This article can be found published on the Daily Local News‘ website and the Southern Chester County Weeklies‘ website.
A check on Friday with most of the other school districts in Chester County did not reveal any additional reported cases of EV-D68. Chester County Health Department officials say not only are there no confirmed cases in the county but they haven’t confirmed the Unionville case.
Dave Listman, the Communications Coordinator for the Unionville-Chadds Ford School District, on Thursday spoke more about the virus which while not unheard of, has not been prevalent in recent years.
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“What we learned from what was online at the Health Services and the CDC is that it’s a virus. At the end of the day, it’s mostly sneezing and coughing as the big things and so, reiterating to the students, cough into your sleeves rather than your hands, keep your hands clean – that’s the biggie,” said Listman. “Then surfaces, like doorknobs and desktops, having the teachers be diligent about that and then the nightly crew, it’s basically, ‘Hey, make sure this is something you do right now – all the doorknobs, all the surfaces, take the sanitizer and make sure you cover that every night.’
“There were some calls (from parents) to the high school and some concerns,” he added. “Chester County put out an alert and in there, it had the FAQ and that’s what we sent out to the parents. We just sort of went through that again. It’s a virus, the student is not in the building, it’s not a deadly virus and if you ever see any symptoms, here’s some things to do right away. A couple parents who had some questions we dealt with and they seem to be okay.”
Listman said he sent a list of FAQs all parents in the district Monday and all the teachers in the district.
“It seems to us like a worst case of the flu, so you need to get with a doctor and you need to take care of that,” he said.
The Unionville high school case is the first public announcement in Chester County of a student coming down with the virus. The local case was confirmed Wednesday evening by Listman.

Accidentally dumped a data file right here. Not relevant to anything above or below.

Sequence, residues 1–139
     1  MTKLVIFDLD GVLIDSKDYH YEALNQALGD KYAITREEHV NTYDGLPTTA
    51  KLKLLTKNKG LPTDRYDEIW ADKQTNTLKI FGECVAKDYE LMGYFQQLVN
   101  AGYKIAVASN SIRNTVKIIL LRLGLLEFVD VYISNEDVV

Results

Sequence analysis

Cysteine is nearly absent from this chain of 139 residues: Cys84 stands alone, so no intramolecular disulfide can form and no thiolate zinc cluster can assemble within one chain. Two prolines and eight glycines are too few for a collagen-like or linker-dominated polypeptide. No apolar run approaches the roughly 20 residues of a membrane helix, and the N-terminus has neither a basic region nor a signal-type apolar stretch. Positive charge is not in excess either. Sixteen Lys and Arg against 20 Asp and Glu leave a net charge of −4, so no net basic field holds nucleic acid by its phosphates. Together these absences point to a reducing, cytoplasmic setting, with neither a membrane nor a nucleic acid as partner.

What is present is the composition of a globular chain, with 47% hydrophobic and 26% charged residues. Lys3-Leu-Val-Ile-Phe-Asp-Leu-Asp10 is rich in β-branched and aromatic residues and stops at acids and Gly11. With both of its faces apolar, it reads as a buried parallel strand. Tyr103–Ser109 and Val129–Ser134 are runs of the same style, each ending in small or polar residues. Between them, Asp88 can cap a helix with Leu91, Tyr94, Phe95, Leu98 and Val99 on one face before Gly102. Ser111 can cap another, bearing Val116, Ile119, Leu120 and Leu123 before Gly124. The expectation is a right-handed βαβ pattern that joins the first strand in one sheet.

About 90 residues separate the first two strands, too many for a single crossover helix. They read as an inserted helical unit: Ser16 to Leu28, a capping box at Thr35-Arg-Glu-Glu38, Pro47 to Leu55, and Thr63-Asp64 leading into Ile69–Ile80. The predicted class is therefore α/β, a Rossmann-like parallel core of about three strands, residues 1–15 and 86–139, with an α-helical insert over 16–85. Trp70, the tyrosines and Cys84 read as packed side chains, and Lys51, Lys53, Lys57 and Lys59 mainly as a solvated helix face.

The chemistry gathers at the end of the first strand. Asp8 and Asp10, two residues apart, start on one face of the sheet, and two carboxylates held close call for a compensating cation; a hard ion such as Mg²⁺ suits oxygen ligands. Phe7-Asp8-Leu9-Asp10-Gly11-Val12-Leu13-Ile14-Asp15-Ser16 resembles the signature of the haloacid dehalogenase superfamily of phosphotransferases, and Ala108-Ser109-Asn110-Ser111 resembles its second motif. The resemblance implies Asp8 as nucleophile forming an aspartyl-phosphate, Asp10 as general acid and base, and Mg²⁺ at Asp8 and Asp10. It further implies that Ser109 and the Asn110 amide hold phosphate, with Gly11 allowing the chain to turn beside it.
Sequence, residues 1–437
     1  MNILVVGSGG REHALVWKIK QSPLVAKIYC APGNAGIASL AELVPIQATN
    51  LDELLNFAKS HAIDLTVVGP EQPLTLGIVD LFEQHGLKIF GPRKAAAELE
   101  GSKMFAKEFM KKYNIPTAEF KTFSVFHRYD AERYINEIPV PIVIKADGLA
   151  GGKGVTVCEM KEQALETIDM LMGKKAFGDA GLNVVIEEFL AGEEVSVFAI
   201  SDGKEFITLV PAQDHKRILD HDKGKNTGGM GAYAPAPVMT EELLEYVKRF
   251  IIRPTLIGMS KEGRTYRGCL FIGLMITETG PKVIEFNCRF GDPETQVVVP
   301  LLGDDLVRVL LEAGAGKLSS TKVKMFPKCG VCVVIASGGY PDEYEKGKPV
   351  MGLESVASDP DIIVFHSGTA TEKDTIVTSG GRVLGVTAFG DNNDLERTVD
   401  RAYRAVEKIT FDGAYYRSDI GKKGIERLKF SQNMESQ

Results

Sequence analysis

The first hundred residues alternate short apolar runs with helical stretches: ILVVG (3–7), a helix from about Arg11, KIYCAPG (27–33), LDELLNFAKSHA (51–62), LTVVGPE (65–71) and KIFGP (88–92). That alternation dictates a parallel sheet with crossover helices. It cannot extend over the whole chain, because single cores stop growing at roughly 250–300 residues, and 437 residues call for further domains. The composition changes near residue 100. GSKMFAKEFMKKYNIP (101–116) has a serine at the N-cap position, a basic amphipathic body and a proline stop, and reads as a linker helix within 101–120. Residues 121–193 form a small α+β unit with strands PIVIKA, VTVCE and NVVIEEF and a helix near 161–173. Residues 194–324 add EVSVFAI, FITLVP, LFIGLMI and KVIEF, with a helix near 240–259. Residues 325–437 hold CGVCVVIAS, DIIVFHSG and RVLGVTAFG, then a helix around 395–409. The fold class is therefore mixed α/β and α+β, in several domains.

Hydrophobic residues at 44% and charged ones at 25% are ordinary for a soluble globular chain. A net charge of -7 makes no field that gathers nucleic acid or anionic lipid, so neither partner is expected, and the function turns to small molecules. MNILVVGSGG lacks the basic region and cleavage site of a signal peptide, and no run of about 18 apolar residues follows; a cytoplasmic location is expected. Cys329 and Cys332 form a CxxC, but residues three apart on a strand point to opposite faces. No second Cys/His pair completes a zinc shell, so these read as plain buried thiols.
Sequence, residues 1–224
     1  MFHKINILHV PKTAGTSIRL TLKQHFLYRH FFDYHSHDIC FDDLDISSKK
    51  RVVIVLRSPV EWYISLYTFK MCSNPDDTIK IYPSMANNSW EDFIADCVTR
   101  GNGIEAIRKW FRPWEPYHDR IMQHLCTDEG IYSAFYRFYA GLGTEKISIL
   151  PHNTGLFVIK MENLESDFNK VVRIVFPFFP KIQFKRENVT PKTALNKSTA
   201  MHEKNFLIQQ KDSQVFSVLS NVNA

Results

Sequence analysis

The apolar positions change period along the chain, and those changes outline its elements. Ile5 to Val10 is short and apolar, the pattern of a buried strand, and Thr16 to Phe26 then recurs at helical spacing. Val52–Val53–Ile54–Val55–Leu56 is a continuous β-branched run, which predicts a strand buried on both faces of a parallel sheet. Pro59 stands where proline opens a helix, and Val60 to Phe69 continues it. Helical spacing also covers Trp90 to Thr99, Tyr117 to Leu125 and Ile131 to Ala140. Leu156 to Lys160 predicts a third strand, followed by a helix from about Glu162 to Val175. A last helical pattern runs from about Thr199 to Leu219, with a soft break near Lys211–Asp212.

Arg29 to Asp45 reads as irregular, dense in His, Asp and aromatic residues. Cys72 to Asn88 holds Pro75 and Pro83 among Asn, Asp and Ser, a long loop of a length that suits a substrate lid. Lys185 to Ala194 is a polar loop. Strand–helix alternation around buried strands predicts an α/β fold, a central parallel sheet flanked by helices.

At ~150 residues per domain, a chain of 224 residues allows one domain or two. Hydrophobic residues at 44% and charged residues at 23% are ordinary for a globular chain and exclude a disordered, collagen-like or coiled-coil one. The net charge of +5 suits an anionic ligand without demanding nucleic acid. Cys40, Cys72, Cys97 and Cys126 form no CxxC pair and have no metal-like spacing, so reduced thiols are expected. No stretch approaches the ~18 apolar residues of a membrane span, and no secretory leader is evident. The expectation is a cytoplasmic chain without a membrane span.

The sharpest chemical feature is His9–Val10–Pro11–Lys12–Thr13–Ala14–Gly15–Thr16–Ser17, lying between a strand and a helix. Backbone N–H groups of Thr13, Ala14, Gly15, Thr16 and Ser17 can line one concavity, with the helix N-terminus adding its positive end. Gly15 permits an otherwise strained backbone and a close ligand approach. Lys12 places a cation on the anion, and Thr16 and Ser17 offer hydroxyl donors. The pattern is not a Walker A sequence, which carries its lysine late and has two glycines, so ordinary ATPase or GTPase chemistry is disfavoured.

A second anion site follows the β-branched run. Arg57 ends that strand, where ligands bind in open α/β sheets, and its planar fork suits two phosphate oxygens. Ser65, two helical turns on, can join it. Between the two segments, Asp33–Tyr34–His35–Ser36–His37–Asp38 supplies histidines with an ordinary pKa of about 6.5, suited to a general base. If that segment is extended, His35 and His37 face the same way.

The Associated Press reported four children tested positive for the virus and are being treated at Children’s Hospital of Philadelphia.
The Enterovirus D68, or EV-D68, is a non-polio enterovirus first identified in California in 1962. The respiratory illness has rarely been seen in the United States until this year, when hospitals in the Midwest began reporting more cases than usual.
Children, from 6 weeks up to 16-years-old, are most likely to get infected with the disease. Those with asthma or who have a history of wheezing are at a higher risk for hospitalization than others, according to a health alert released by the Chester County Health Department on Sept. 11.
From mid-August until Sept. 17, the Centers for Disease Control (CDC) said there have been a total of 140 people in 16 states, including Pennsylvania, confirmed to have EV-D68.
The virus is spread from the infected person through coughs, sneezes or contaminating a surface by touching it.
At this time, there is no specific treatment for anyone with EV-D68, but some mild symptoms can be relieved through over-the-counter medications for pain and fever. If a person has a severe respiratory illness, they may need to be hospitalized, according to the CDC.
To avoid the virus, the CDC urges people to wash their hands with soap and water for at least 20 seconds; avoid touching eyes, nose and mouth with unwashed hands; avoid hugging, kissing and sharing cups or eating utensils with someone who is sick; and frequently disinfect any touched surfaces, including toys.
Because the symptoms of EV-D68 are similar to other viruses, the CDC recommends contacting your doctor if you are having trouble breathing or if symptoms get worse.